Prevention » Program Overview

Demand Reduction Section

DEA’s primary mission and responsibility as a law enforcement agency is to enforce the Nation's federal drug laws.

DEA recognizes that not only reducing the quantity (supply) of drugs is essential to a safe and drug free country, but also reducing the desire (demand) for illicit drugs is a vital component to effectively reduce drug use in our Nation. For that reason, DEA created the Demand Reduction Section as a critical complement to our primary law enforcement mission and included drug prevention as one of the seven priorities in DEA’s vision:

"Support initiatives to reduce the demand for drugs and give assistance to
community coalitions and drug prevention initiatives."

DEA’s Demand Reduction Section provides the public with current and relevant drug information about illicit drug use, the misuse of prescription drugs, drug use trends, as well as the health concerns and consequences of drug abuse.

The Demand Reduction Section also develops drug information brochures, drug fact sheets, pamphlets and parent/teacher drug education guides to assist the community in identifying drug use and finding help.

Another major component of the Demand Reduction program includes collaboration with various drug prevention partners. These partners include other federal agencies, national and regional prevention organizations, law enforcement organizations, community coalitions, fraternal and civic organizations, youth-serving organizations, state and local governments, and school districts. DEA supports our partners who present significant opportunities for involvement in prevention efforts by providing drug trend information at local community events as well as at national conferences and professional educational forums.

The Demand Reduction Section Strategy

Three major concepts of drug prevention research are the core of the Demand Reduction Section strategy to develop and disseminate effective drug information for youth, parents and caregivers. At the core of the strategy is essential information about the harmful effects of illicit drug use.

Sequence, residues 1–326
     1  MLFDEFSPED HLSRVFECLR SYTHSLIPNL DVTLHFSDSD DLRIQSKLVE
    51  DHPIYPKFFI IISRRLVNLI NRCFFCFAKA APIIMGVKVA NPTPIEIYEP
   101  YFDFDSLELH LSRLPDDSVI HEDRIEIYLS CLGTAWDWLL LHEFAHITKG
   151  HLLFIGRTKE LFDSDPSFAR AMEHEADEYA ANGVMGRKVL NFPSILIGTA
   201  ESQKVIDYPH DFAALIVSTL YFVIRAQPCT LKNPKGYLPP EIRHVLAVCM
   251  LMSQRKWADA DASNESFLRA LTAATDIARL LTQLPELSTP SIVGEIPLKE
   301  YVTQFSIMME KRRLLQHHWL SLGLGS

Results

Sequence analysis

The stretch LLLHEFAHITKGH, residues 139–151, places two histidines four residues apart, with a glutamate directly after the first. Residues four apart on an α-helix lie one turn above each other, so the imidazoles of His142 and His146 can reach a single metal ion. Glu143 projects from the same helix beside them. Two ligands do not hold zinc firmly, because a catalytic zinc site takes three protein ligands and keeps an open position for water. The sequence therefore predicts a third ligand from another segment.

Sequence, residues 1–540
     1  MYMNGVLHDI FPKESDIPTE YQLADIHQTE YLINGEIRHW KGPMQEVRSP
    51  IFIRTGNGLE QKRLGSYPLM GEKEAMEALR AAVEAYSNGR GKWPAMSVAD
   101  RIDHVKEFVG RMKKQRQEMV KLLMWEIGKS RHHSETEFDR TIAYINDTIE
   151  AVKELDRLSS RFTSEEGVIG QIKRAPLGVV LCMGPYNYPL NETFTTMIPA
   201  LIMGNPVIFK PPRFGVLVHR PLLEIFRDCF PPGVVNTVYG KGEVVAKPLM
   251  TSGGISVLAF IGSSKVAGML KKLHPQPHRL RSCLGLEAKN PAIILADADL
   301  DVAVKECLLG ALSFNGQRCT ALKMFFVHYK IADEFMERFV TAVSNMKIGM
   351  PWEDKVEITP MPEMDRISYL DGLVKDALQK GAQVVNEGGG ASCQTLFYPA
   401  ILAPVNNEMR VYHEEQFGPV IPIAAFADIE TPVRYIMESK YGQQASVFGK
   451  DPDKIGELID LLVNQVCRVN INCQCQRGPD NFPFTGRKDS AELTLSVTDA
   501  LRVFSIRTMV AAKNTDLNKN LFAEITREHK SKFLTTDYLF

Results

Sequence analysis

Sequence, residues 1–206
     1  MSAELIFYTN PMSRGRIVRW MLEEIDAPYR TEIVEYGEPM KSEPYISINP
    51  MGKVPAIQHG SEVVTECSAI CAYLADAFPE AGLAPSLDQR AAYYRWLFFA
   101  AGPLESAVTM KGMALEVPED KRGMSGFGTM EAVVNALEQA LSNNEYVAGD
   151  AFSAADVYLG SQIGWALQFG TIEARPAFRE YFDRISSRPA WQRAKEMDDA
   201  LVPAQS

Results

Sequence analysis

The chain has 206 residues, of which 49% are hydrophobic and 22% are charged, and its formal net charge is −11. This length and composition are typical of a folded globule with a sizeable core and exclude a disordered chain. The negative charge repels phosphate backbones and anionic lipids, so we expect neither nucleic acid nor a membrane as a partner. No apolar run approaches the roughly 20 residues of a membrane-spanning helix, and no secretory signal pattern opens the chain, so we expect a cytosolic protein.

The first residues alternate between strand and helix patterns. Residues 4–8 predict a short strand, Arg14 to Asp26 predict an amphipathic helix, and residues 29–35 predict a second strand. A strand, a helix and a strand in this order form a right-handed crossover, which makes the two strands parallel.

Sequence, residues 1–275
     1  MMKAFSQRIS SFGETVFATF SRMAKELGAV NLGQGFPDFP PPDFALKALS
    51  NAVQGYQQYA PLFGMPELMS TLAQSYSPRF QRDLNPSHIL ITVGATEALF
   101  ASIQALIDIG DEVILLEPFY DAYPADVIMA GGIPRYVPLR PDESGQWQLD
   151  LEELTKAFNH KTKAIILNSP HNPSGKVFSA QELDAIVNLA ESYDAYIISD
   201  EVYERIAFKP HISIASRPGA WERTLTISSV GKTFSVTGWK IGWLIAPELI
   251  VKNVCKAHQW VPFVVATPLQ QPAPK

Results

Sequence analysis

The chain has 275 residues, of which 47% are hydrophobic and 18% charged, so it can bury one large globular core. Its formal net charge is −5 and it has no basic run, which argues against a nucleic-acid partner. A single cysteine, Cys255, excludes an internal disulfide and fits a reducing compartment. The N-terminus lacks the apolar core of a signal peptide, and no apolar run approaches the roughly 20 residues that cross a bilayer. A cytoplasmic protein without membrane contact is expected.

• Parents and teens alike need to know that the teen brain continues to develop to age 25. In particular, the frontal cortex, the area of judgment is not fully developed until that age; therefore, it’s vitally important that teens refrain from drug use as this use will effect brain development.
  • When youth perceive that drug use is harmful and risky, drug use dramatically declines.
  • The longer a child delays drug use, addiction and/or substance abuse disorders are significantly reduced.

DEA increases the public’s awareness about the dangers associated with using drugs through our educational materials and two websites, for teens, and for parents, educators, and caregivers.

DEA’s teen website,, provides creditable information about the harmful effects of drug use. The site includes a summary of various drugs including a section on facts and fiction about drugs, the consequences of using drugs with topics on addiction, impaired driving, and true stories of teens that have had drug problems.

Descriptions of specific drugs, such as marijuana, nonmedical use of prescription drugs, spice/k2, bath salts, and heroin, provide easy to read information on the street names, the drug’s appearance and effect on the mind and body, overdose effects, legal status, and origin.

DEA’s parent website,, provides valuable drug education information for parents, educators, and caregivers to further help identify drug use, drug paraphernalia, warning signs of abuse, and the harmful side effects of the most commonly abused drugs. site features several downloadable publications including “Growing Up Drug Free: A Parent’s Guide to Prevention,” and “Marijuana Concentrates - Also Known As THC Extractions.”

For a list of all of DEA’s publications that can be downloaded, go to and click on Publications.

For more information about DEA’s Demand Reduction Program, or for more drug prevention resources, contact the Demand Reduction Section at 202-307-7936 or e-mail


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